Getting recognized by any college is a high school athlete's dream. Today, Ahlaam Ibraahim and Angela Nguyen talk to Northwest athletes regarding their goals, experiences, and words of wisdom about how to get exposure -- and how to fulfill the dream of a Division I college scholarship.
It's hot out. The usual midday thunderstorm has just passed, and the few kids hanging out on bleachers around the pool at Miami's Ransom Everglades School finally get the go-ahead to jump in and cool off.
Eight-year-old Gary Kendrick and the others are all here for swim lessons.
"They told us to hold on to the wall and kick our feet and, like, move our arms," Kendrick says. "When I had to swim to one of the counselors, I was really swimming. I ain't even know I was moving."
Is high school truly filled with stereotypes? Ahlaam Ibraahim and Esa Tilija investigate the stereotypes of their schools: Rainier Beach High School, a public school in south Seattle, and University Prep, a private school in north Seattle.
(July 24, 2014: See the editor's note at the bottom of this page for an explanation of the story's new headline.)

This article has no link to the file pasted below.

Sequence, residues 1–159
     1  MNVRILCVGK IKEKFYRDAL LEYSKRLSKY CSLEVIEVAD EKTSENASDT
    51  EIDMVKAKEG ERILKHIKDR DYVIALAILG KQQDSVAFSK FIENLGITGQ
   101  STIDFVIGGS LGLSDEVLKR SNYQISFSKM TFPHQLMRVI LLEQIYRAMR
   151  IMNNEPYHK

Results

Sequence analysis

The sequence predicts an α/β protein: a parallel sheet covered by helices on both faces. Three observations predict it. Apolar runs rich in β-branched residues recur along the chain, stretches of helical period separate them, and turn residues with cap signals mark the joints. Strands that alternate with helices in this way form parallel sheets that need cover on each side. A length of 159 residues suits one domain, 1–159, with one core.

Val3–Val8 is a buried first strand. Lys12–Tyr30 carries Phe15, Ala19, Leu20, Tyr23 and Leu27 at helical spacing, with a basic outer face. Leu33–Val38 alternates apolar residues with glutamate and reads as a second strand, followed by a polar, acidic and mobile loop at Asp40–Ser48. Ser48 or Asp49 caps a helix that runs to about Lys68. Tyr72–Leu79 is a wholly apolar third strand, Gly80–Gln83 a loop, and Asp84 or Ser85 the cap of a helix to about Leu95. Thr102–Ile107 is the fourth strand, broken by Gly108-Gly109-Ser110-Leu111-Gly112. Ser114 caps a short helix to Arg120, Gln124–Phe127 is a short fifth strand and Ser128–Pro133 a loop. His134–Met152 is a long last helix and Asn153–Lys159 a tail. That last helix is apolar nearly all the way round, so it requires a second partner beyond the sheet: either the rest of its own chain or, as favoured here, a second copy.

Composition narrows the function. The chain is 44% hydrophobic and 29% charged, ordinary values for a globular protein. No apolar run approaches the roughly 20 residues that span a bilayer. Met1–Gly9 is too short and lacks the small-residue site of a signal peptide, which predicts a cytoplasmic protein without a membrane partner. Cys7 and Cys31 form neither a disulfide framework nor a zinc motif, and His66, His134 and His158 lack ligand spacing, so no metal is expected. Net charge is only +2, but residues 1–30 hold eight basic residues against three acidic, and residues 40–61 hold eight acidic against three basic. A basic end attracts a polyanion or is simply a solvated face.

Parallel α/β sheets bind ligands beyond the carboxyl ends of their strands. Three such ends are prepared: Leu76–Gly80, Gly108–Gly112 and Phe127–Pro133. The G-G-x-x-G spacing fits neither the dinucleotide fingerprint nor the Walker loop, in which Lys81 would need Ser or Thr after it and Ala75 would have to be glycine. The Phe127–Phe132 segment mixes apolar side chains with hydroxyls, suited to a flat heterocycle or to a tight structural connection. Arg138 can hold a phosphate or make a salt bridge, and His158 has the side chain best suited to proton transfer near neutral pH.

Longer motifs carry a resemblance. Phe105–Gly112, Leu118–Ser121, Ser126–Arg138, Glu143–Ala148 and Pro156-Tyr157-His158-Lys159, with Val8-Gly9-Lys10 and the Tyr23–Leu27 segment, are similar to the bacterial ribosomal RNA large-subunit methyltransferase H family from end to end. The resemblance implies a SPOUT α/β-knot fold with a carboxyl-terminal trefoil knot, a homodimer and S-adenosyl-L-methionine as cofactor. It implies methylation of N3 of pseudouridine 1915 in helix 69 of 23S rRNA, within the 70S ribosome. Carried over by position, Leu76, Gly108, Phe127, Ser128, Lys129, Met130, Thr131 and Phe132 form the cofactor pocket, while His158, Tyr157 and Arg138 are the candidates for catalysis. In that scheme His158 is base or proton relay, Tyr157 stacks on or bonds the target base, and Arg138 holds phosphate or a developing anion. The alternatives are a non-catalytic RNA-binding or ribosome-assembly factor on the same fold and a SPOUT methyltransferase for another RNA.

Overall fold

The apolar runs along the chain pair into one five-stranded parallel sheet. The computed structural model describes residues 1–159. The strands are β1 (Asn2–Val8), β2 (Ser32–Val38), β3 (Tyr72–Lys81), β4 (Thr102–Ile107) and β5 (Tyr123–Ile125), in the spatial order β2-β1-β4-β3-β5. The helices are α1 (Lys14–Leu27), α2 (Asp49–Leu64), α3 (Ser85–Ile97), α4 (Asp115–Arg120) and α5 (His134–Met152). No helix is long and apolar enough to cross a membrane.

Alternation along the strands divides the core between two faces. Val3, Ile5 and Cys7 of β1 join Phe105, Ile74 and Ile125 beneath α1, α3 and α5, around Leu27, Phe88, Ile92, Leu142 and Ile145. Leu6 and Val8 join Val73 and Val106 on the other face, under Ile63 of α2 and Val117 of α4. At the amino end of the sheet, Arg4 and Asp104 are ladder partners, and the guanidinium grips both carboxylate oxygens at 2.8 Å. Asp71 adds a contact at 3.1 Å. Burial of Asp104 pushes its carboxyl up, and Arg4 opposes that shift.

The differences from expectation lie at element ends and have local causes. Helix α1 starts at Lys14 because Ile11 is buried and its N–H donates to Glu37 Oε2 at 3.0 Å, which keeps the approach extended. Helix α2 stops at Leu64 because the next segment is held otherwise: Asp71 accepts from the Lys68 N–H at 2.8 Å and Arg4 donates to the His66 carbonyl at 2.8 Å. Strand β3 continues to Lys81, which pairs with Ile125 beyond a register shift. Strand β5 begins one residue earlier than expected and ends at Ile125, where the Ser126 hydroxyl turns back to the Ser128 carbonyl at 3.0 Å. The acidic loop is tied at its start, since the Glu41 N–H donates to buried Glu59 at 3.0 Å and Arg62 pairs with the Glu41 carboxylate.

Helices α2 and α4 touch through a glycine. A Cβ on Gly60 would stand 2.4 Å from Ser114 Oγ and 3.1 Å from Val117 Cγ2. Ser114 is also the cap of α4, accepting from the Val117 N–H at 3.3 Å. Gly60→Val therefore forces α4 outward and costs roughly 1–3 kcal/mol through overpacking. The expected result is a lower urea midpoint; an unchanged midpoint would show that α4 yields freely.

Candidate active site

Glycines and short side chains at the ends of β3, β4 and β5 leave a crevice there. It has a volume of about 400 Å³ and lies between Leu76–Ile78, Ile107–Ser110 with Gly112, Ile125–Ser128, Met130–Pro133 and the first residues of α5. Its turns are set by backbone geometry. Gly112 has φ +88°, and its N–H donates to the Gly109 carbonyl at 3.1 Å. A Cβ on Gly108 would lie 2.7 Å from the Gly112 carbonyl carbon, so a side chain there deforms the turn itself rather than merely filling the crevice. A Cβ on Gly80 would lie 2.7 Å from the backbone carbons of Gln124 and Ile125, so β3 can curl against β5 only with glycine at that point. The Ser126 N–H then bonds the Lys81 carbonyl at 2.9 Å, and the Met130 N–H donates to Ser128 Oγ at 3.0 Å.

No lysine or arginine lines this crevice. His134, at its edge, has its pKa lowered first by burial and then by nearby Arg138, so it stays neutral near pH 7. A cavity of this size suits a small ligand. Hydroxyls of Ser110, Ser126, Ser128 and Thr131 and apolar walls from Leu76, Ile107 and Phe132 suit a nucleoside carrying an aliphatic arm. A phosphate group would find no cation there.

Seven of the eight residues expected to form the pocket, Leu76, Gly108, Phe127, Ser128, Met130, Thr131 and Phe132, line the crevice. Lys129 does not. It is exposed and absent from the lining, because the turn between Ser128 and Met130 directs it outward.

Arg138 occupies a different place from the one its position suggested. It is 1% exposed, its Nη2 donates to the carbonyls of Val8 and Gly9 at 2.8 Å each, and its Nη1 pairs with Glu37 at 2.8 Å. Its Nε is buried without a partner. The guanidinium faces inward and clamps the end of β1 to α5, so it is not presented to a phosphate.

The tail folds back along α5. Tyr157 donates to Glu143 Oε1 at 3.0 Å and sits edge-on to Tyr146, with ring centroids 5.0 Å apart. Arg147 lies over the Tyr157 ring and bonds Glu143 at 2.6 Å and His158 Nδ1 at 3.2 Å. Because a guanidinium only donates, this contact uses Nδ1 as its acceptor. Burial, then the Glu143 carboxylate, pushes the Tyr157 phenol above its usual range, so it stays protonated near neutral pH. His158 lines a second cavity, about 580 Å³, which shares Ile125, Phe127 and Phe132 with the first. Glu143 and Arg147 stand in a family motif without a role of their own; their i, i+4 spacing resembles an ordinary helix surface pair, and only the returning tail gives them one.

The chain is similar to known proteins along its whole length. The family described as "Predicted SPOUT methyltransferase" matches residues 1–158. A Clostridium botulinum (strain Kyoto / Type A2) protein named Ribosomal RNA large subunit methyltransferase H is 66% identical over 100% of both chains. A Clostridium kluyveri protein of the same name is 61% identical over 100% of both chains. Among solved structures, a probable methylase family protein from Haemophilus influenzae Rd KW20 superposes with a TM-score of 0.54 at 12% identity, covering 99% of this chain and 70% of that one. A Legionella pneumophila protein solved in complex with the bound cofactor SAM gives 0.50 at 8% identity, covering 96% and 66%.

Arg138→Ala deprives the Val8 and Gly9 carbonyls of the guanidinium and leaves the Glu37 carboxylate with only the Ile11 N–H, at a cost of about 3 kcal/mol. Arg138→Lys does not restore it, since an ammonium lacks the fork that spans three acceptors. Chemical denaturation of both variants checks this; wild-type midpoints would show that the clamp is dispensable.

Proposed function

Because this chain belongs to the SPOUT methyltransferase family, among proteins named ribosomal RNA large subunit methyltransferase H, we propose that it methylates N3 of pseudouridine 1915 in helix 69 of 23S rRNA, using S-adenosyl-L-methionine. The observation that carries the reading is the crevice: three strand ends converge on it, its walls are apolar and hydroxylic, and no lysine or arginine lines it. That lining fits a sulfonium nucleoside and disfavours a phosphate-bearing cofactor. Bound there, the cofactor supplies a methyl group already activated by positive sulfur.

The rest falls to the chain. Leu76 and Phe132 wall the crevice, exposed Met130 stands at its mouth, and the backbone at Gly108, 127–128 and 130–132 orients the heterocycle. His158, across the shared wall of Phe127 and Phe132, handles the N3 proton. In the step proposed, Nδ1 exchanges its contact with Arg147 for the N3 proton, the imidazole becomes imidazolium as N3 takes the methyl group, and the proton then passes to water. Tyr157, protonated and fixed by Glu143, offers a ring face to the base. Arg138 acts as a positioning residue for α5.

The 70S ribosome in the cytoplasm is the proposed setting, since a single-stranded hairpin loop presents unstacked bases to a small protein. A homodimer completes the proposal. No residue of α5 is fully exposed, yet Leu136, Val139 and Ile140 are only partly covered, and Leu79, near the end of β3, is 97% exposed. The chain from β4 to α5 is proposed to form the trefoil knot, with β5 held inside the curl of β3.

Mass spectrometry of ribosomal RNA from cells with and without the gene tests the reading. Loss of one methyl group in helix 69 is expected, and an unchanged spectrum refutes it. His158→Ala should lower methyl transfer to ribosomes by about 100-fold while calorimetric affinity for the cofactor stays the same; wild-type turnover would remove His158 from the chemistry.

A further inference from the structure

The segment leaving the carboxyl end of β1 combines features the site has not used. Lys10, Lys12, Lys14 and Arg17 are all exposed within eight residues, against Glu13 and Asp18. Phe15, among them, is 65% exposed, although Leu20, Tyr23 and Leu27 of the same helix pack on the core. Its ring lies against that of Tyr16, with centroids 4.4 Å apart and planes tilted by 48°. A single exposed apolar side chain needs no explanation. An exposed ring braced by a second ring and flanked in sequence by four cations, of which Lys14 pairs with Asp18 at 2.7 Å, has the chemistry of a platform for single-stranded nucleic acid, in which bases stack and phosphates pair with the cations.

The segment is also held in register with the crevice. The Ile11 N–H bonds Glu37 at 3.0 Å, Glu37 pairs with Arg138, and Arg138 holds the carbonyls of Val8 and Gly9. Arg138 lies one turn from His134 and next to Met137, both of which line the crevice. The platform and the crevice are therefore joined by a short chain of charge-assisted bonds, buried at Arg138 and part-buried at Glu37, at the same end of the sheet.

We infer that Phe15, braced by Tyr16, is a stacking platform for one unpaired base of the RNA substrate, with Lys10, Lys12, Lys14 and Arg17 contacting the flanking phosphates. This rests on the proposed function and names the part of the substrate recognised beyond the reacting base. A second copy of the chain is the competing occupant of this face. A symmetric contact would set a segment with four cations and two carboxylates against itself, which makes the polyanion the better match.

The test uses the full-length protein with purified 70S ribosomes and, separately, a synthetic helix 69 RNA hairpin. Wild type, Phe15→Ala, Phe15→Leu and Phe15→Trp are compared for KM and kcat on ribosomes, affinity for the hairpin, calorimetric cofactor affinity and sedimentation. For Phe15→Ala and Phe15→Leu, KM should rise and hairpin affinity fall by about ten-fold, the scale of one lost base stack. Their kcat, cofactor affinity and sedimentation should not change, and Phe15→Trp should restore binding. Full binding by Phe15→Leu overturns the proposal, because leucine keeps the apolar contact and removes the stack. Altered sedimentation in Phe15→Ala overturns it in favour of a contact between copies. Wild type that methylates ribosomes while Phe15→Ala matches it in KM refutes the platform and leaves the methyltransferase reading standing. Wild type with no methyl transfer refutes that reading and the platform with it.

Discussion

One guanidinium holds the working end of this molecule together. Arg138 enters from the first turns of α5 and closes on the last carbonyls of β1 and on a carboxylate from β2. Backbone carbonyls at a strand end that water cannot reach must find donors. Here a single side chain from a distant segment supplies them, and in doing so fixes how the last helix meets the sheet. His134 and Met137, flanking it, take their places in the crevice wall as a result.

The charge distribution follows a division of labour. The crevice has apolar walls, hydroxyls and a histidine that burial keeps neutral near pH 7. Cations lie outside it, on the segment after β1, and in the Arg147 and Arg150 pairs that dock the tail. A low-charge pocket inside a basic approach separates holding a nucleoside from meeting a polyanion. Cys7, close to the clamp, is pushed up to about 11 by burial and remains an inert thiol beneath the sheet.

When 12-year-old Lauren Arrington heard about her sixth-grade science project, she knew she wanted to study lionfish. Growing up in Jupiter, Fla., she saw them in the ocean while snorkeling and fishing with her dad.
Originally published on Tue July 22, 2014 12:44 pm
Many young scientists dream of their first trip to a remote research site — who wouldn't want to hang out with chimps like Jane Goodall, or sail to the Galapagos like Charles Darwin, exploring the world and advancing science?
But for many scientists, field research can endanger their health and safety.
In a survey of scientists engaged in field research, the majority — 64 percent — said they had personally experienced sexual harassment while at a field site, and 22 percent reported being the victim of sexual assault.
Ever since the civil rights movement in the 1960s, many educators, students and activists have pushed for more ethnic studies in public schools.
In 1968 at a San Francisco State University, students led the longest student strike in the country’s history calling for ethnic studies programs that accurately represented the student body and their needs. The student strike led to the establishment of the first school of ethnic studies in higher education.
You're 4 years old, building a block tower. Another kid runs up and knocks it down. What do you do? A) Tell her that's against the rules. B) Go tell a teacher. C) Hit her. D) Start to cry. E) What did you say again?